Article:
Sunday, November 27, 2022

A New Beginning

Today is the First Sunday of Advent, the liturgical season in the Christian tradition that’s all about waiting. In the words of writer Gayle Boss, the season of Advent is a time of preparation and waiting for “the mystery of a new beginning out of what looks like death.” Such a time involves going inwards so as to seek and embody – individually and communally – this mystery of a new beginning.

If you’re looking for a book full of beauty and insight to help guide you on this year’s Advent journey, you really can’t go wrong with Gayle’s All Creation Waits, featuring twenty-five illustrations of animals of the northern hemisphere by artist David G. Klein. Each of these original woodcuts are paired with a beautifully written meditation by Gayle, exploring how “wild animals adapt when darkness and cold descend.”

Commenting on All Creation Waits, Richard Rohr writes:

Each of the beautiful creatures in this little book is a unique word of God, its own metaphor, all of them together drawing us to the One we all belong to. Adapting to the dark and cold they announce in twenty-four different ways the Good News of Advent: that through every dark door the creating Love of the universe waits.

And as the book’s publishers note: “Anyone who does not want to be caught, again, in the consumer hype of ‘the holiday season’ but rather to be taken up into the eternal truth the natural world reveals will welcome this book.”

Following is an excerpt from the introduction of All Creation Waits: The Advent Mystery of New Beginnings by Gayle Boss.


The roots of Advent run deep beneath the Christian church – in the earth and its seasons. Late autumn, in the northern hemisphere, brings the end of the growing season. When early agricultural peoples had harvested their crops and stacked food in their larders, they gave a collective sigh of relief. Their long days in the fields were over. For their labor they had heaps of fruits, vegetables, grains, and meat. The group body called out, Feast!

At the same time, no matter how glad the party, they couldn’t keep from glancing at the sky. Their growing season was over because the sun had retreated too far south to keep the crops alive. Each day throughout the fall they watched the light dwindle, felt the warmth weaken. It made them anxious, edgy. Their fires were no substitute for the sun. When they had eaten up the crop they were feasting on, how would another crop grow? Throughout December, as the sun sank and sank to its lowest point on their horizon, they felt the shadow of primal fear – fear for survival – crouching over them. They were fearing, and they were fearful, both. Despite their collective memory, people wedded, bodily, to the earth couldn’t help asking the question. Their bodies, in the present tense, asked the question.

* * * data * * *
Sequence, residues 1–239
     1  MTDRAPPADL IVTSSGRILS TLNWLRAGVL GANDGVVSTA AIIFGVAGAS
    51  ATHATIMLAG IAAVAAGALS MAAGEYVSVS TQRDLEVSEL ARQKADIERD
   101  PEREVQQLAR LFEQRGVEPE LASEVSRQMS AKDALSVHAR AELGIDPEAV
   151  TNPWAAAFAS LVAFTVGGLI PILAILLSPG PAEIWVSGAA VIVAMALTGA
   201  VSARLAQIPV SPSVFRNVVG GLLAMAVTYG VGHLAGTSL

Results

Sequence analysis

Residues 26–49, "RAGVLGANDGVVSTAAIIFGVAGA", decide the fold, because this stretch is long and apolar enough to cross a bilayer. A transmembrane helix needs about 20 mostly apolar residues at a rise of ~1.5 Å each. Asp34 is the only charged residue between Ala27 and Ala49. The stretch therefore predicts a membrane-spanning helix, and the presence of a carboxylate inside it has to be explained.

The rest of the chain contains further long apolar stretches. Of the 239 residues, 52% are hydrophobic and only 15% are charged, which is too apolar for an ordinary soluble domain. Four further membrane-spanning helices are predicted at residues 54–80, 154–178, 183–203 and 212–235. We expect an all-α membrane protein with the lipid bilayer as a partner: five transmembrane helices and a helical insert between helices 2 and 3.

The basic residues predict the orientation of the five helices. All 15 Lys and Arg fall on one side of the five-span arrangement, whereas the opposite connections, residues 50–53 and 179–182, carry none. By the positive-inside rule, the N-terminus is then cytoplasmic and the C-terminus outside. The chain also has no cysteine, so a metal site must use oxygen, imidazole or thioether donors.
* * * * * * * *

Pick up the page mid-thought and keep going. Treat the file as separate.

Our bodies still ask that question. In December the dark and cold deepen, and our rational minds dismiss it as nothing. We know that on December 21, the winter solstice, the sun will begin its return to our sky. But our animal bodies react with dis-ease. We feel, The light – life – is going. Those particularly afflicted know themselves as SAD – Seasonal Affective Disorder – sufferers. Some of us cope by seizing distractions the marketplace gleefully offers: shopping, parties, more shopping.

To be sure, some part of “the holiday season” is celebration of the harvest, for us, as it was for our ancestors, even if our personal harvest doesn’t involve crops and barns. We throw a party to mark the end of another year and all it’s brought. We do this in a big, bright, loud way. But for us also, as for our ancestors, the dark end of the year brings unrest. It is an end. It comes without our asking and makes plain how little of life’s course we control. This uncertainty, we don’t know how to mark. And so it marks us. We feel weighted, gloomy even, and we feel guilty because voices everywhere in myriad ways sing out, “It’s the Most Wonderful Time of the Year.”